Grifo F, in production for retrofit into the Northrop F-5E/F, has 28 modes of operation and is intended to have performance close to that of the APG-68 in the F-16, but is scaled to fit into the small nose cone of an A-4. Grifo M3 is similar to the F version, but with an antenna tailored to fit the nose of the Mirage 3. A lightweight Grifo X+ was developed for the AMX aircraft. The Grifo family is still evolving. Air-to-air improvements are the top priority, but there is interest in air-to-ground mapping and in more processing of radar returns to increase the resolution.

Scipio is a radar that was developed for the Brazilian air force AMX aircraft independently of the Grifo family.

One distinguishing design characteristic is the use of an inverse Cassegrain antenna -- the Grifo family uses a flat plate antenna. The antenna had to be tailored to fit the nose of the AMX aircraft, and it is intended mainly for naval applications, according to the company. The inverse Cassegrain design has only about half the moment of a regular Cassegrain. That radar is produced by SMA, a small radar company in Florence that merged with Galileo, both now part of Alenia Difesa.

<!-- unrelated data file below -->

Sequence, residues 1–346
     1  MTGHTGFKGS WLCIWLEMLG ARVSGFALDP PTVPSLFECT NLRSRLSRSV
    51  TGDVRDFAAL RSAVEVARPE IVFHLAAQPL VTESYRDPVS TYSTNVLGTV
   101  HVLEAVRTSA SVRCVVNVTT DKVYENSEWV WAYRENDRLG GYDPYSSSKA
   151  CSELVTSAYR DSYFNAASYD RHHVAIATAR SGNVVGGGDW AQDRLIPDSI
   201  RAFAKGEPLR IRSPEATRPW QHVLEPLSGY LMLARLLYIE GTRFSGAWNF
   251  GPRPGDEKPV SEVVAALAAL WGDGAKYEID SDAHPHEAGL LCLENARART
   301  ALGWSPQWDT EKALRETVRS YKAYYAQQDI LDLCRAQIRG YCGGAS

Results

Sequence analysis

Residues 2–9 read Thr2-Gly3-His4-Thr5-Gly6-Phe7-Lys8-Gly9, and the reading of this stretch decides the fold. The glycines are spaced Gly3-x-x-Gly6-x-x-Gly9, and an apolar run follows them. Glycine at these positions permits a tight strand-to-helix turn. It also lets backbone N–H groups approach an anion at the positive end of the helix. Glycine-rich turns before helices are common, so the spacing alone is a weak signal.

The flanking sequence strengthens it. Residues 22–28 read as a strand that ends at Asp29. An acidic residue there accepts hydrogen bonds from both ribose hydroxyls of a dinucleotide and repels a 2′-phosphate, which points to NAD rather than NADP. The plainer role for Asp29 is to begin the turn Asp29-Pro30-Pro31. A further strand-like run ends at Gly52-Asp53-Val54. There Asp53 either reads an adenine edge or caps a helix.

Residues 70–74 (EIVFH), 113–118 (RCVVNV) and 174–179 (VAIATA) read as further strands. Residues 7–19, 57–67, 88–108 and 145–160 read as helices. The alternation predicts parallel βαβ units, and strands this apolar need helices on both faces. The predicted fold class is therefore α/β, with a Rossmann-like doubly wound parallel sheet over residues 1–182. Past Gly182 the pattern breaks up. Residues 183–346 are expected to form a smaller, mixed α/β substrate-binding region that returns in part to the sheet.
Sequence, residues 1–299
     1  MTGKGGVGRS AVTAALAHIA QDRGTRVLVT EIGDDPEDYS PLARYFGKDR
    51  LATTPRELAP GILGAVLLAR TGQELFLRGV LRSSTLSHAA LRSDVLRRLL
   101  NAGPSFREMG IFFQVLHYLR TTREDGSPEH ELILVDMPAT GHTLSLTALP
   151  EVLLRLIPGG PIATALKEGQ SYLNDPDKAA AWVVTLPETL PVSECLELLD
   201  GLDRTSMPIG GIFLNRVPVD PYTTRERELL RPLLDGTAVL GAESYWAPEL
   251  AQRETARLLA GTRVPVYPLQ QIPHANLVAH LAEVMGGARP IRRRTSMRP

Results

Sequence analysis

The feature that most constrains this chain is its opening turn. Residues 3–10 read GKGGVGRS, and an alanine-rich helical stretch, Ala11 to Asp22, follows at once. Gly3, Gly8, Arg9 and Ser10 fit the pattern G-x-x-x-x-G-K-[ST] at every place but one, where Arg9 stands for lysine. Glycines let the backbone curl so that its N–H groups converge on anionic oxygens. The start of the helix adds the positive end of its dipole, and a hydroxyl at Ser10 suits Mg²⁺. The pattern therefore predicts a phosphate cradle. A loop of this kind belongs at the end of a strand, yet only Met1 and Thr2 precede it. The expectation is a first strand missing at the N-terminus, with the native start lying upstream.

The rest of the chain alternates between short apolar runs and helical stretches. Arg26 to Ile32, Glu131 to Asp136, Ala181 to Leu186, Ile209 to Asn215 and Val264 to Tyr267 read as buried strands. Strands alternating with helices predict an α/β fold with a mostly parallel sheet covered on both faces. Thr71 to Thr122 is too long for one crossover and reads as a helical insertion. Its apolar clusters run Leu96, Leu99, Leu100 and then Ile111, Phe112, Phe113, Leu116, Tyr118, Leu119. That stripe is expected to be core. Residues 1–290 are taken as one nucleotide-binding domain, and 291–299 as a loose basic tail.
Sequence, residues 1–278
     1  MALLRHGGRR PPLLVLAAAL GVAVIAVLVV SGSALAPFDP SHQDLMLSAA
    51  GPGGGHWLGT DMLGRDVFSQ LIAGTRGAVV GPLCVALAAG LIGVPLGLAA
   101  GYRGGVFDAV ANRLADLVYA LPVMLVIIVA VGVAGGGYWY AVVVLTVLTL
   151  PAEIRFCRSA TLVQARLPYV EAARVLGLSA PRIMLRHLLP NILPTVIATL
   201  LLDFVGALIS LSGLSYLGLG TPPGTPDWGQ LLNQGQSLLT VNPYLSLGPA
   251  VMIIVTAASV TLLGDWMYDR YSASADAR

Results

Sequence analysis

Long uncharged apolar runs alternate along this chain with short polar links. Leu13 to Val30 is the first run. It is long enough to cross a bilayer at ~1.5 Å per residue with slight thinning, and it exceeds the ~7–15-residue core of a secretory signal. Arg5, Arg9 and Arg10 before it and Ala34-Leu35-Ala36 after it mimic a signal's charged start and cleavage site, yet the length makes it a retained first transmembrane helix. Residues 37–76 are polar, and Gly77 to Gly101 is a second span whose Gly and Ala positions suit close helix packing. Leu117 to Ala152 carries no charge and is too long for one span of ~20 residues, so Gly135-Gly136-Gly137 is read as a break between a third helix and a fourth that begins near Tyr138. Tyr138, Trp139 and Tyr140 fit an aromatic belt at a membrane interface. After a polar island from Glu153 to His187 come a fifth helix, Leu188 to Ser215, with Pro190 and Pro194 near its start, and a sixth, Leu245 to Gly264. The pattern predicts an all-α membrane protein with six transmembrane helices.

For next-generation radars, the company has a small research effort for phased array and inverse synthetic aperture radars. This is a collaborative activity with GEC-Marconi, DASA and Thomson-CSF. DASA has already demonstrated an ISAR radar, according to Esposito. The companies are aiming these efforts at mid-life upgrades of the new tactical aircraft.